THE ALBERS FOUNDATION'S
ARTIST-IN-RESIDENCE PROGRAM IN
WEST CORK, IRELAND.
A look at the residencies that would have happened during the pandemic. This time with Óscar Valero Sáez.
"I WOULD HAVE..."
Óscar Valero Sáez
“In the beginning, I really enjoyed the lockdown. It was as if the whole world stopped, I felt relieved and enjoyed having time.”
Óscar Valero Sáez is a multi-media artist based in Madrid, Spain, who has already attended two of the Albers Foundation residencies in Senegal and in The United States.
It ́s interesting to observe how the Albers Foundation’s three residencies are located in such very different places yet provide similar experiences. They are all remote and so immersed in their respective surroundings.
When asked how the pandemic has impacted him, Oscar says:
In the beginning, I really enjoyed the lockdown. It was as if the whole world stopped, I felt relieved and enjoyed having time. It was a good opportunity for me to focus on my work and spend time in the studio. The cancellation of projects and programs has been difficult, of course, but at the same time, I feel lucky to have spent all that time on my art.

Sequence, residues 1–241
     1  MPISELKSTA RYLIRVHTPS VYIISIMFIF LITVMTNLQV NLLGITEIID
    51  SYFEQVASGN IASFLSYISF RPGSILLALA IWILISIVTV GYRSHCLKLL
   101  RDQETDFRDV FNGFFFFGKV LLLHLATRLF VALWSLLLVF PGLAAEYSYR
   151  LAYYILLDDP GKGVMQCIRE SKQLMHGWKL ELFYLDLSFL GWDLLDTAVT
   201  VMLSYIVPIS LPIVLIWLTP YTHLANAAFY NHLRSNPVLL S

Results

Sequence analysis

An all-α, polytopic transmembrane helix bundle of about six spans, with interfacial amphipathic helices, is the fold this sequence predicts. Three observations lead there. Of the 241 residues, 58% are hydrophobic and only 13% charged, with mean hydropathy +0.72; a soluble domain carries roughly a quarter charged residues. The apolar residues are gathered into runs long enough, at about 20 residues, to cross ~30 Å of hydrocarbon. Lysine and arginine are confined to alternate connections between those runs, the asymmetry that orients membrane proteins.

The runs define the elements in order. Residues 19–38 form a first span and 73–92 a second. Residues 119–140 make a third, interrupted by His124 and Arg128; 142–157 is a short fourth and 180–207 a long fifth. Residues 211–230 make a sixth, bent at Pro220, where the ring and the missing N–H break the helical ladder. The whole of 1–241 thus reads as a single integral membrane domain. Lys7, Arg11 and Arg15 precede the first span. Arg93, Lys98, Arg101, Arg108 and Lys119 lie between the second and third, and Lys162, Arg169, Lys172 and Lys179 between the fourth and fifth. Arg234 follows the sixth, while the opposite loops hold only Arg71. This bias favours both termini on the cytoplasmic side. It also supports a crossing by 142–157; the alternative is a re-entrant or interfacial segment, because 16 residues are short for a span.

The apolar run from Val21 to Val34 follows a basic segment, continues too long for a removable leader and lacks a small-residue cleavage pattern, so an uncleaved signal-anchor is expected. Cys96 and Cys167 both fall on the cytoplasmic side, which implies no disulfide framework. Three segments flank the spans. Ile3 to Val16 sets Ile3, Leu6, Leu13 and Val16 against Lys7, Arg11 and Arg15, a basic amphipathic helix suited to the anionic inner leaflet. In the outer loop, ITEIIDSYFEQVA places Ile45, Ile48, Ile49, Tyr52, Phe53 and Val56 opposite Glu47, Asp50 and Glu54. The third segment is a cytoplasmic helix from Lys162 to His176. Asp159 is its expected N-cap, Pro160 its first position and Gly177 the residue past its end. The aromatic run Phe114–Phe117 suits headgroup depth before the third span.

Oscar is used to spending time on his own, finding solitude necessary to his work. He is currently immersed in a new series of drawings based on J. S. Bach’s “Fourteen Canons BWV 1087”.
The series is rooted in the first eight notes from the Goldberg Variation. I investigate the hidden riddles of the Canons through a visual process, analysing and dissecting them geometrically.
What do you imagine you might have created if you’d participated in a residency this year?
I would probably have made drawings related to the surrounding landscapes: perhaps a series of large scale drawings or paintings, which somehow integrate the natural process of nature and the passing of time.
Most of all, I would have liked being fully immersed in the process and connecting with the silence and nature, while searching for the simplest and most abstract expression in my artwork.
The residency would have provided an even greater sense of solitude. Those powerful landscapes of Ireland would probably have provided a sense of time slowing down. I would connect with the light, the rain, the wind. And work a lot!
Share this via...